On September 17, 2010, Liberto made a complaint to Clarion's director of human resources, Nancy Berghauer, to the effect that Trudi Clubb, the weekend restaurant manager, had on September 14 used a racially derogatory term when berating her for improperly cutting through the kitchen and for not responding to Clubb when she tried to speak to Liberto. (Id. Ex. J, Signed statement, Sept. 17, 2010.) Specifically, Liberto said that Clubb had called her a "porch monkey" (id.), considered to be an ethnic slur by African Americans.*fn2 Berghauer notified Berger, Heubeck, and Clarion's general manager, Mark Elman, of Liberto's complaint.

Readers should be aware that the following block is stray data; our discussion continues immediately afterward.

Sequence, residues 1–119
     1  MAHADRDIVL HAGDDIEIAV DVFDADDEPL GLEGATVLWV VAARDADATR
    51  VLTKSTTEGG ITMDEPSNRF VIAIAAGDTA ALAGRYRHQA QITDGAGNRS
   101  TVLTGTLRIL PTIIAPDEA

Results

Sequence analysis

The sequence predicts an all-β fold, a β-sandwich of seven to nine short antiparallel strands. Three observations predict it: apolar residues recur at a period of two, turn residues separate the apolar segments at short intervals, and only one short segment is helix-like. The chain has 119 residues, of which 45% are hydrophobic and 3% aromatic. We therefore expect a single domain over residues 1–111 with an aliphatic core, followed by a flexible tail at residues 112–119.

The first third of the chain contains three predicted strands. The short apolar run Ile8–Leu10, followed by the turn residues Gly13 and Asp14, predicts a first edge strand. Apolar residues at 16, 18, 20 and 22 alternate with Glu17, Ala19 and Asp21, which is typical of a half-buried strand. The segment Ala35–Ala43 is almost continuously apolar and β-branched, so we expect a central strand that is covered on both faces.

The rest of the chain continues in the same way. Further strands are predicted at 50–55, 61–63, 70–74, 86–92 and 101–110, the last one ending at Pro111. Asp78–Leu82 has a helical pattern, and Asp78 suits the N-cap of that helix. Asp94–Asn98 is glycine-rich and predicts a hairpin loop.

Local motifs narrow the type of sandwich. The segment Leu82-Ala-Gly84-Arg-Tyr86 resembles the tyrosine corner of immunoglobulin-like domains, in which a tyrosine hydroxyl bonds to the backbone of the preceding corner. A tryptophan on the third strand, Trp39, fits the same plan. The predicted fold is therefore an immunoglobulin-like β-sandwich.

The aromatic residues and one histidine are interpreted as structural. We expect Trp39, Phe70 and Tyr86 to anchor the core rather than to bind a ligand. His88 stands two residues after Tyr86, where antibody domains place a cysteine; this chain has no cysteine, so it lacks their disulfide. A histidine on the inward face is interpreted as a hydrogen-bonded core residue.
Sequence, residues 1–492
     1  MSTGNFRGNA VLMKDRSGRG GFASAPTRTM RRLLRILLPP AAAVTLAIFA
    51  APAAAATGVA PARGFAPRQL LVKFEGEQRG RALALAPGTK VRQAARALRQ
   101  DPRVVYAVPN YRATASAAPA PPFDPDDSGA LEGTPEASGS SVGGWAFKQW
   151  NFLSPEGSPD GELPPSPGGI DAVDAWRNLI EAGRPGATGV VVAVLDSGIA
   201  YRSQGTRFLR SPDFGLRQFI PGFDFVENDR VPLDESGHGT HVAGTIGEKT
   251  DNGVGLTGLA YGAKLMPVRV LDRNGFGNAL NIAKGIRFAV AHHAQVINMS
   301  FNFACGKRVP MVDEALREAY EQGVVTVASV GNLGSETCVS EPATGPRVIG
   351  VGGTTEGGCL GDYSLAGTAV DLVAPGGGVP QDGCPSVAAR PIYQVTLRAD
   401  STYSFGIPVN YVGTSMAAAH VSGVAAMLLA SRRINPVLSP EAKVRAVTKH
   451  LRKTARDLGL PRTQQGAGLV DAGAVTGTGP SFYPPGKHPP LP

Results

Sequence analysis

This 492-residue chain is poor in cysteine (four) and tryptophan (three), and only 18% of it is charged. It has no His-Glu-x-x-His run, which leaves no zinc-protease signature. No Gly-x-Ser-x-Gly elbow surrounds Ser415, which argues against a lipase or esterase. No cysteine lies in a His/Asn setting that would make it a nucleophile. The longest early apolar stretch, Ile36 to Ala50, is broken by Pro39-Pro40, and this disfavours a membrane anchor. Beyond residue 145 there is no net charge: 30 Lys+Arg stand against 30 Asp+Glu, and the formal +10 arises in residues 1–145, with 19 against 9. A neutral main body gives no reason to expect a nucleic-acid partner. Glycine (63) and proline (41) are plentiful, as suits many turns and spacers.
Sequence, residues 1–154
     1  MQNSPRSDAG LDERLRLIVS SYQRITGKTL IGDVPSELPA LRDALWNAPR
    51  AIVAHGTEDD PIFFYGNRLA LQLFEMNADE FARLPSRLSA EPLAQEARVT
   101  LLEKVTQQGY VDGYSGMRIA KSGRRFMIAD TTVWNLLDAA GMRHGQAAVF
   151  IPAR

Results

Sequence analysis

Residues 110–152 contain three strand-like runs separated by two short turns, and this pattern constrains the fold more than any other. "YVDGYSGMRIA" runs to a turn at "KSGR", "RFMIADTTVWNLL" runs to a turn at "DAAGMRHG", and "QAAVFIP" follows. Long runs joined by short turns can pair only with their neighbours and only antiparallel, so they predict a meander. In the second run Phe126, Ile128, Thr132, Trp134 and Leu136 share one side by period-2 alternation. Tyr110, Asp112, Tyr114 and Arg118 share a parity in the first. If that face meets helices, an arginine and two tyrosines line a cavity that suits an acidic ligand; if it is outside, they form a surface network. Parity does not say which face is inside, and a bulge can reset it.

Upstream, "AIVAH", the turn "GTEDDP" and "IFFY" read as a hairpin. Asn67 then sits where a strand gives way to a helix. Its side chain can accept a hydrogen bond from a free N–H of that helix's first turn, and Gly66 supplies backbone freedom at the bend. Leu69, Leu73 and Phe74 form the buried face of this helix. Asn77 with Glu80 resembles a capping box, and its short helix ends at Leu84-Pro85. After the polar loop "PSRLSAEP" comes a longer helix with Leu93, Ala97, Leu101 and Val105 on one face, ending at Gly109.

(Id. Ex. K, Email string.) Elman met with Liberto on September 18 to discuss her complaint; he also presented her with Berghauer's typed notes, which Liberto revised and then signed. (Id.) Clubb was separately questioned by Elman, Heubeck, and Berger about Liberto's accusations. (Id. Ex. E, Dep. Clubb 43:18-44:7.) She denied using the term, "porch monkey." (Id. 47:3-6.) Heubeck regarded Liberto's accusation as a rumor, but he nevertheless dealt with it as a matter to be taken seriously and on September 18 gave Clubb a written warning to be cautious in her language and in her treatment of employees. (Id. Dep. Heubeck 61:11-65:5; Ex. P, written warning.) Heubeck had worked with Clubb for five or six years at the time of the events in question and had never heard Clubb use racial epithets. (Dep. Heubeck 87:1-3,11-19.)